Flexibility is a two-way street: companies versus candidates
November 11, 2022
It’s arguably a job seeker’s market right now: with the global pandemic and resulting talent shortage allowing candidates to call all the shots, many hiring companies are bending over backwards to meet the needs of an increasingly demanding pool of potential employees. From offering reduced hours to including options to work from home, flexibility is recruitment’s new buzz word and it’s here to stay. But as companies and candidates go head-to-head in the new hiring landscape, candidates too should bear in mind the benefits of a flexible approach. Let’s delve a little deeper into both sides of the recruitment process...
From the recruiter’s perspective:
- Cast a wider net: as any switched on company knows all too well, including those highly-sought-after flexible work benefits in a job offer gives them a greater pick of the best available candidates. Whether these are part-time schedules, job-sharing options, working from home or a combination of all, it’s important to highlight and promote your flexible benefits from the outset – and mention them at every step along the way, from initial job postings, through interviewing and as part of the salary and benefits negotiations.
- Keep up with the competition: in February 2022, 84% of UK workers who worked from home during the pandemic said they planned to conduct a mix of home and office working in future, according to a report by the Office for National Statistics in May of this year – so including flexible benefits in the job offer is vital to making it an attractive proposition to those who now expect them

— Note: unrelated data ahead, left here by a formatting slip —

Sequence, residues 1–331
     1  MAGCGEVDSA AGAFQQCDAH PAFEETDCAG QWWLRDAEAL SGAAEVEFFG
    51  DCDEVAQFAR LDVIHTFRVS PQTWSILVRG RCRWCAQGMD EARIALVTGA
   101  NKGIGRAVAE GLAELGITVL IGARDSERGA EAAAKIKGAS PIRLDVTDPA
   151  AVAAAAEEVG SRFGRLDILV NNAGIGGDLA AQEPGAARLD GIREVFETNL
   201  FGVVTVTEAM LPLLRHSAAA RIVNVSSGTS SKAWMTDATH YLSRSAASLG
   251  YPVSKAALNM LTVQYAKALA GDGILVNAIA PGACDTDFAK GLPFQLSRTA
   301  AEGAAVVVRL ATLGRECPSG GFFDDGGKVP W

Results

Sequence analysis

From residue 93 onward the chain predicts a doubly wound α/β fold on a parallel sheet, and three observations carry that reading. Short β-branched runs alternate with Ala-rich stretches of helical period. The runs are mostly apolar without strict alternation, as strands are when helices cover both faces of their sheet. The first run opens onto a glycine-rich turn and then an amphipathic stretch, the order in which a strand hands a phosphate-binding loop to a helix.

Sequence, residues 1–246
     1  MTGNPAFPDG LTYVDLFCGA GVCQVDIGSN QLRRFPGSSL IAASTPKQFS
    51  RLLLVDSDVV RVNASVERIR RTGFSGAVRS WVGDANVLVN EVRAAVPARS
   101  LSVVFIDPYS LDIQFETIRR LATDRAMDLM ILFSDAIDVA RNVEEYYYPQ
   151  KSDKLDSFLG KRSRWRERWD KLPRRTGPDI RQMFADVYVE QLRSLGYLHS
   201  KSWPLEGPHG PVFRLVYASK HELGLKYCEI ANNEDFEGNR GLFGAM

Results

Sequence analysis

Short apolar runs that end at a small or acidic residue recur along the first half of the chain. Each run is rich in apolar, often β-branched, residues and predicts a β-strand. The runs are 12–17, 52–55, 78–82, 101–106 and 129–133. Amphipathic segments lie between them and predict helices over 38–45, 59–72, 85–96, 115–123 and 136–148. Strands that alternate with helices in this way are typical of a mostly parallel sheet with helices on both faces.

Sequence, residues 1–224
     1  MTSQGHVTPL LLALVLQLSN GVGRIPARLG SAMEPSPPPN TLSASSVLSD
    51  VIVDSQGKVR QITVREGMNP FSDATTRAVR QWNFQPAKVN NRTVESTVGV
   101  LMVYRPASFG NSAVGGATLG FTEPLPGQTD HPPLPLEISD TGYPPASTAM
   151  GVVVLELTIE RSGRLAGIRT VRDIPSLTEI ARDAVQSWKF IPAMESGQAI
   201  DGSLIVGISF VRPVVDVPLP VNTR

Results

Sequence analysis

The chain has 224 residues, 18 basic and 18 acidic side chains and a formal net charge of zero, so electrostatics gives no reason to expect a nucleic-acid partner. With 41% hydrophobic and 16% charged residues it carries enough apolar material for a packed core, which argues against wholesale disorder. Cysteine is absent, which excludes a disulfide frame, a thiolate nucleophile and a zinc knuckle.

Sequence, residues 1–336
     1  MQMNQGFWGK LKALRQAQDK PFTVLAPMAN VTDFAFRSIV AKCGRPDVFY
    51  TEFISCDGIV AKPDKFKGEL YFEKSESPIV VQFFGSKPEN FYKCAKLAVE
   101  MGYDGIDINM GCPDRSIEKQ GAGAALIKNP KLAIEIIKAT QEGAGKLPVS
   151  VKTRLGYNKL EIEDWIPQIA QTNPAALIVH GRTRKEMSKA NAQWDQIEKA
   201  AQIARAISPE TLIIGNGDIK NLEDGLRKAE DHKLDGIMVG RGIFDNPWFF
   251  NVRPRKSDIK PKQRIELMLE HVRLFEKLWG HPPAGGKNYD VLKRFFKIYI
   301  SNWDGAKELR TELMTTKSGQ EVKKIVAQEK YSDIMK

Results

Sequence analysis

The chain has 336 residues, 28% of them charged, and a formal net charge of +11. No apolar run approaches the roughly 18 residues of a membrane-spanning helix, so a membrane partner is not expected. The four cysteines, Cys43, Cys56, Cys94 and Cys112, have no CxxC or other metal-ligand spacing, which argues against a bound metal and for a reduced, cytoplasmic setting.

- Boost profits: happier employees are likely to be more productive – directly impacting your bottom line. If they can achieve a better work-life balance through a hybrid approach to office and home working, it makes sense to accommodate their wishes. This is backed up by the stats – a recent report from Finder revealed that 65% of employees said they’d be more productive in a home office than normal office, and perhaps more surprisingly, an equivalent two thirds of employers reported increased productivity from remote workers compared to in-office workers.
Flexibility is still key from the candidate’s perspective:
- First impressions are key: being too rigid and demanding about the terms and conditions is never a helpful approach and will only create a bad impression – employers are looking for people who can collaborate after all, so following a plan that combines your needs with those of the hiring company is key, and save negotiations for the offer stage.
- Illusion of perfection: there’s no such thing as the perfect job, so compromise in some areas will always be a key part of the job hunting process. From commuting and salary to content and colleagues, it’s a case of prioritising what’s important to you about the job, and being flexible about the components that are lower down the list.
- Changing lanes: a great many skills and experiences developed over the course of a career are transferrable between different sectors, and our interests tend to change with time too, so keeping an open mind to working in different fields and industries is vital to career satisfaction and progression.
At Grace May we help recruiters and candidates connect, managing the expectations on both sides of the journey from the early recruitment through to final employment. Looking for a new role? Need to take on new staff? Get in touch to find out how we can help.